Category: Articles

I Can’t Do Shit With “I’m Sorry”

I’ve spent a lot of my adult relationships accepting bullshit apologies. Part of it is just a personal failing of my own: I find it hard to make friends because I’m picky about who I spend my time on and consequently, I will put up with a lot if I think you are cool enough. I’m working on that.

I think, however, that a lot of it is a misunderstanding about the purpose of the apology. It’s taken me a long time to realize why I accept people’s I’m Sorries and then still feel resentful about whatever it is that they did for months, even years after. It’s because many people seem to think an apology is the solution to a problem. You fuck up, you say sorry, and all is forgiven. I used to think that too, thus my massive dissatisfaction. But it ain’t.

An apology is actually just the acknowledgement of a problem that you caused.

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The Men of Orange is the New Black

So there’s an article from The Atlantic going around about how under- and misrepresented the poor, poor men are in a show about a women’s prison. The bulk of it is mostly about how the show frames women as victims of misguided love to make their backstories more dramatic and sympathetic than those of the male prisoners. He complains that these male prisoners, of which we see a whole three with speaking roles, are depicted in positively stereotypical ways that give us no room to see them as victims too.

His only example of how horribly male prisoners are represented… is the single male prisoner with any real characterization at all. Darius McRae (who I might point out the author hinged this whole argument on and could not be bothered to look up his name) is a black man in prison presumably because he is also a hitman. He and two other white male prisoners are given speaking roles in the airplane scene of season two’s premiere. As opposed the white guys, whose very stereotypical depiction has them discussing what one can and cannot see in a bird’s eye view of the Midwest, McRae introduces himself by suggesting to Piper that she can ride his dick to Chicago.

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Ring Around the Rebrand

So after I wrote that last post, I got a curious and decided I wanted to compare the Mystique versions of their games to the PlayAround ones. But strangely, even when you download it with Gigolo as per the PlayAround cart pair and no matter where you download it from, Bachelor Party always has Mystique branding. I wanted to know if this was an oversight in production or if everyone just redistributes the one copy of the ROM so I went a-lookin’.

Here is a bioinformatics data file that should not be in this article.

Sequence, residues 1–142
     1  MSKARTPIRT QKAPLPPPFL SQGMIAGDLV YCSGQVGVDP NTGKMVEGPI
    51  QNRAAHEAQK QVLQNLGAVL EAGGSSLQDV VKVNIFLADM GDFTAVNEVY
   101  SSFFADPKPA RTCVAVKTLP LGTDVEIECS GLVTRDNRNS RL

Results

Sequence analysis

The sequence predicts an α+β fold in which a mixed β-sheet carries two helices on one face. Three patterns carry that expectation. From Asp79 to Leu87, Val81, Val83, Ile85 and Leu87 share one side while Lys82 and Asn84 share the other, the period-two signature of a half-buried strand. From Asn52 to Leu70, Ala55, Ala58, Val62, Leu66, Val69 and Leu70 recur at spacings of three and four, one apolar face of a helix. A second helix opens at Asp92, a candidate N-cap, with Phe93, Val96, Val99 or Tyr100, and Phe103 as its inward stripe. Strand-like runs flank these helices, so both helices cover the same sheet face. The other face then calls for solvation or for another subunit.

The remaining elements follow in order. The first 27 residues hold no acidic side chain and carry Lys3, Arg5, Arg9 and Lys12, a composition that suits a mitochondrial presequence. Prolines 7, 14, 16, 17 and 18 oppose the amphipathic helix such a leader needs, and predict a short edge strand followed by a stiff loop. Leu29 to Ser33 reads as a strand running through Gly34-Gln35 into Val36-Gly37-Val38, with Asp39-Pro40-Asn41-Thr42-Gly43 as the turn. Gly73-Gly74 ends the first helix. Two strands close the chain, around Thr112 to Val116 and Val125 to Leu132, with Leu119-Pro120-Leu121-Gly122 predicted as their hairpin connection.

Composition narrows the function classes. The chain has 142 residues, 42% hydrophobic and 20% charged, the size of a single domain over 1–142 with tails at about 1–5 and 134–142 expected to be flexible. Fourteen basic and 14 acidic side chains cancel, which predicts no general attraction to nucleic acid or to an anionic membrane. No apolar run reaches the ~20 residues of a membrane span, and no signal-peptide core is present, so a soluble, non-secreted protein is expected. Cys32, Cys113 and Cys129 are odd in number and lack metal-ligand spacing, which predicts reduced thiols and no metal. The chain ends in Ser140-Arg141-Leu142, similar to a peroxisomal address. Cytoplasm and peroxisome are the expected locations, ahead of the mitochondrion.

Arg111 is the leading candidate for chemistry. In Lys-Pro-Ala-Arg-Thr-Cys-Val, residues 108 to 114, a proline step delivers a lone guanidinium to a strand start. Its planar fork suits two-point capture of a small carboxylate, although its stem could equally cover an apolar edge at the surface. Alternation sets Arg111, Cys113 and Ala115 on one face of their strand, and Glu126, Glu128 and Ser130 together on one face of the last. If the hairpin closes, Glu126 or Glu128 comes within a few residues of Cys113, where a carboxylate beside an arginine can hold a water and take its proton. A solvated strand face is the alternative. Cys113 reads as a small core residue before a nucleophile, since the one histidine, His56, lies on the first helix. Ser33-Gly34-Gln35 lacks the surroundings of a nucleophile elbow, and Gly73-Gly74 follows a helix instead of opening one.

I never found the answer to that particular question, but I did find another interesting theory.
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The Department of Welfare in The Warriors

In The Warriors (the movie) there is a scene where Swan and Fox try to tactfully negotiate safe passage for their gang through the turf of a tiny, no-rep outfit called the Orphans. And in this scene there is a line Fox says about their youth worker talking about the Orphans all the time, trying to make-a nice and act like they do, in fact, know just how heavy the Orphans are (they aren’t). In the game, this line is revised to say that all the other gangs talk about the Orphans all the time. (The part with the newspaper clipping is also cut, as the movie’s scene relies on that the Warriors have never met the Orphans in person, whereas in the game, they know each other all too well.) The movie’s scene goes on to have Sully, the warlord of the Orphans, state that they do not have a youth worker (implying how small fry they are) and Fox covers for his slip-up by saying that they must not have one because the youth board is afraid to send them one.

It’s a strange exchange, one I’ve always felt was out of place. There’s no reference to youth workers in the entire rest of the movie, nor do any ever figure into the plot.

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Agent Smith

One of the things I think makes Blood Money neat in respect to Hitman as a whole is the way they use Agent Smith.

Agent Smith is a CIA agent who finds himself stripped down to his boxers and needing to be rescued in every Hitman game. (As a sidenote, I find the amount of male bondage and torture in Hitman games inordinately great. I am sure there is some psychological angle of interest to that, given their target audience of STRAIGHT MALE GAMER.) They don't really go into how these things happen in the narrative, so Agent Smith comes off as a hapless failure of a spy and 47 treats him as such. I personally like to think that this is his specialty, though. I can't see why the CIA wouldn't get rid of him otherwise. Perhaps his allowing himself to be captured so often is a part of his missions. He’s obviously very hardy and can take a beating, although he starts to break down from it in Silent Assassin, taking to drinking on the job and becoming even more of an apparent liability.
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